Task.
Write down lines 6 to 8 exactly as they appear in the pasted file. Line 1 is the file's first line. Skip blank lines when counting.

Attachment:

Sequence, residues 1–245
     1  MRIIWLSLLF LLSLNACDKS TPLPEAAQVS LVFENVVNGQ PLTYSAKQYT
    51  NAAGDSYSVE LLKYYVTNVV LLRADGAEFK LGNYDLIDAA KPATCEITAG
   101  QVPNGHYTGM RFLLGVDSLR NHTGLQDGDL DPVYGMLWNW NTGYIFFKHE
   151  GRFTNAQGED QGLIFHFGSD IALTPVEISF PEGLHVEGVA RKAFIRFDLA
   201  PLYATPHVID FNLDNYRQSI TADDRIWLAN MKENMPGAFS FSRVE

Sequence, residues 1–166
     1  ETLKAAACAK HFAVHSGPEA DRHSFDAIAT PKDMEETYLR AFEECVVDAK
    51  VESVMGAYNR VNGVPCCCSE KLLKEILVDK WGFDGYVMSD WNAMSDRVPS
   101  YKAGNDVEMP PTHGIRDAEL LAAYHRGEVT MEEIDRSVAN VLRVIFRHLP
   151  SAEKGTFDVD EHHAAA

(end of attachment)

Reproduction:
   201  PLYATPHVID FNLDNYRQSI TADDRIWLAN MKENMPGAFS FSRVE

Sequence, residues 1–166
     1  ETLKAAACAK HFAVHSGPEA DRHSFDAIAT PKDMEETYLR AFEECVVDAK